Linkedin Share
Wire

NBC Reporter Floats Insane Rittenhouse Conspiracy Theory About Parade Shooting

Linkedin Share

Charlie Brooker — best known as the creator of and writer for sci-fi anthology series “Black Mirror” — started his career as a video game critic in the 1990s. Gaming has remained a passion of his, and in 2013, he compiled a list of the top 25 video games of all time for a TV special.

The usual suspects were on the countdown. “Super Mario Bros.” was No. 20, “Pac-Man” No. 23, “Street Fighter II” at No. 17 and “Grand Theft Auto III” at No. 10.

The number one spot was a bit of a surprise, though: It’s a game called “Twitter,” which happens to be cleverly disguised as a social media platform.

“Twitter is a massively multiplayer online game,” Brooker said, defending his decision. “You choose an interesting avatar and then role-play a persona loosely based on your own, attempting to accrue followers by repeatedly pressing buttons to form interesting sentences.”

Give Brooker points for prescience. What he forgot to mention, at least in that interview, was that the persona people role-play is almost always nastier, less nuanced and more prone to prevarication than the player themselves — because that gets attention, after all.

Trending:
Massive Migrant Caravan Marches Toward US with LGBT Flags Flying as Mexican President Snubs Biden at Summit

It also doesn’t help that Twitter is seen as the global public square, where blue-checkmarked politicians, public intellectuals and media gadflies duke it out to control the historical narrative in the digital space. Things get especially ugly when a tragedy occurs and respected figures engage in a race to the bottom, trying to outdo one another in needless vituperation and dubious hot takes.

On Monday, eight people were killed and dozens were injured after a mass shooting during a July 4 parade in Highland Park, Illinois. The suspect, Robert E. Crimo III, fled the scene disguised in women’s clothing and drove to the Madison, Wisconsin, area, according to The New York Times. He returned to Illinois and was apprehended after a brief chase.

As families grieved and police searched for answers, journalists and politicians across the fruited plain pulled out their phones and fired up their favorite video game. The hot-take tweets, they began a’flyin’ — and quite predictably, they were idiotic, nuance-free and appalling.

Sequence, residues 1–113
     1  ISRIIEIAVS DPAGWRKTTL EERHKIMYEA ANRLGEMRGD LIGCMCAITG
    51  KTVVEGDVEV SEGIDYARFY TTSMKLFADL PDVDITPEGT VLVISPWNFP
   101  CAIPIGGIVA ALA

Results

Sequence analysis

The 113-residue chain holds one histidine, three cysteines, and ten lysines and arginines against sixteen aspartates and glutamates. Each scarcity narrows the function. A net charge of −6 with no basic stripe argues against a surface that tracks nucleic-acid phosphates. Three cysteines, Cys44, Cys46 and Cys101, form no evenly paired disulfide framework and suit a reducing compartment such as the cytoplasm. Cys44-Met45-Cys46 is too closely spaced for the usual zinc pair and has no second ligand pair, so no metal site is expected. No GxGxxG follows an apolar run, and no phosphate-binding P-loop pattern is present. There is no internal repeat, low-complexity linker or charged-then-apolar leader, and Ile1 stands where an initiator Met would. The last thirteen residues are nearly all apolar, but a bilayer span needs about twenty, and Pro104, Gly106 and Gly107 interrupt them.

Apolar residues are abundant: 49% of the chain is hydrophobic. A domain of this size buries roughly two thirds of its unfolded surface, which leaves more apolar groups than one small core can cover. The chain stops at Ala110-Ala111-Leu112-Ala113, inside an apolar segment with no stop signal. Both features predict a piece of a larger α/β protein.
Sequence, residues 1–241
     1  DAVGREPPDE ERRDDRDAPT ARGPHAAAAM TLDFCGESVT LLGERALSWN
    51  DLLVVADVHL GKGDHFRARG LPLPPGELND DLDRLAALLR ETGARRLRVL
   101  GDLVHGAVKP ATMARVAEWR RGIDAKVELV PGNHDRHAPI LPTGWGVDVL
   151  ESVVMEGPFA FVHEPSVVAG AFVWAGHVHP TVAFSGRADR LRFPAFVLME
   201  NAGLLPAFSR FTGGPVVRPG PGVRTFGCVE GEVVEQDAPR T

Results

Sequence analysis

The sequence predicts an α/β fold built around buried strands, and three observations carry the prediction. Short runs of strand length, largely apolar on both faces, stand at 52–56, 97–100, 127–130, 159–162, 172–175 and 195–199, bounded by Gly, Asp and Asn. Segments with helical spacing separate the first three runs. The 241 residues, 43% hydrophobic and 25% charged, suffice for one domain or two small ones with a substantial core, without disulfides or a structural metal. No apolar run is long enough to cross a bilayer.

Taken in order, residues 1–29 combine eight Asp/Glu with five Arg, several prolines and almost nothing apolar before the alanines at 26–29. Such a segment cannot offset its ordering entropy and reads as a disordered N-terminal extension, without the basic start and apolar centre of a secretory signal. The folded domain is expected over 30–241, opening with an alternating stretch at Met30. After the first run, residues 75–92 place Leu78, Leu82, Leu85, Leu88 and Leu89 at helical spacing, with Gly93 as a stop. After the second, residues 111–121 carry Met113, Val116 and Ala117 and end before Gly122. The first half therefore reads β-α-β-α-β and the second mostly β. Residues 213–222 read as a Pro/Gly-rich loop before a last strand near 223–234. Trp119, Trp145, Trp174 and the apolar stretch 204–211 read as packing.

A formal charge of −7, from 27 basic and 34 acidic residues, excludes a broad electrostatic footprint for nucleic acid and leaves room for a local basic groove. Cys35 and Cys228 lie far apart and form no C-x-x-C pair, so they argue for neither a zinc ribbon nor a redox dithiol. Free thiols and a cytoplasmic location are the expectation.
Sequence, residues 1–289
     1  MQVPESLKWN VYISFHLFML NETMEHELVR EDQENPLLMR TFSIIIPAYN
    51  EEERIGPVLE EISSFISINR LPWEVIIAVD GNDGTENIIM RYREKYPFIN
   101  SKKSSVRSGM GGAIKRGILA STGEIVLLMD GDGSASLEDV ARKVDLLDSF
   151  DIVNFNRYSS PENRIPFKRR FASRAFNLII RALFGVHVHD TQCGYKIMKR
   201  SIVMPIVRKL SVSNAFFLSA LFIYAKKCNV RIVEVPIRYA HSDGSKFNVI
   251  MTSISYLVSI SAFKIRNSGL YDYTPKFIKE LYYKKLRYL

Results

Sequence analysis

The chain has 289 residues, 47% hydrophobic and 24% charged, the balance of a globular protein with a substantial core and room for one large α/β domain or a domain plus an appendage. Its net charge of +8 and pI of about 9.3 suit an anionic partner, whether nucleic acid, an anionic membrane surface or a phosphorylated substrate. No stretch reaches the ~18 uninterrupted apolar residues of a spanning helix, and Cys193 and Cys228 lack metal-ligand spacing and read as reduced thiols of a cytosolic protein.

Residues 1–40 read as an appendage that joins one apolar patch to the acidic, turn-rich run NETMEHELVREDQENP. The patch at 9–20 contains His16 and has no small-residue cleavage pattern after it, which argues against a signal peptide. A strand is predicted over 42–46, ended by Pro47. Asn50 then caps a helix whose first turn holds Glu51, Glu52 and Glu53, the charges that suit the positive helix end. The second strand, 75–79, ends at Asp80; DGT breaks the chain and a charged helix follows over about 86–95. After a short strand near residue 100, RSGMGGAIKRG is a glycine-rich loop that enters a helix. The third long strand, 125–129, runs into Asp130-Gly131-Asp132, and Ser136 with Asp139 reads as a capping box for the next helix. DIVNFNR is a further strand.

More gun control! (Even though Illinois has some of the strictest gun control laws in the country.) White privilege! (Because Crimo wasn’t shot by police, natch.) He was a Trump supporter! (Democrat California Rep. Eric Swalwell, always near the top of the charts when it comes to the post-tragedy race to the bottom, tweeted that gem.)

Should the alleged Highland Park shooter face the death penalty?

(At The Western Journal, we’ve cataloged all the ghastly takes the left puts out in the wake of a major tragedy — and we’ll keep reminding them long after they want us to forget. If you support our work, please consider subscribing.)

However, the undisputed winner of the macabre July 4 Twitter hot-take tournament was Michael Beschloss, an NBC News reporter and a respected historian. He threw all that out the window, however, going viral for speculating that Crimo had fled to Wisconsin because of … Kyle Rittenhouse.

Seriously:

Related:
Five Apps That Are Great Alternatives to Facebook and Give You Control of Your Content

“Why did Highland Park person of interest choose to drive after the mass murder to Wisconsin, of all places?” Beschloss wrote.

You may recall that Wisconsin is right next to Illinois, so this doesn’t seem too unusual. Perhaps, you might think, Beschloss is about to pull out the ol’ “crossing state lines!” argument. Alas, you have no idea where this crazy train is going next: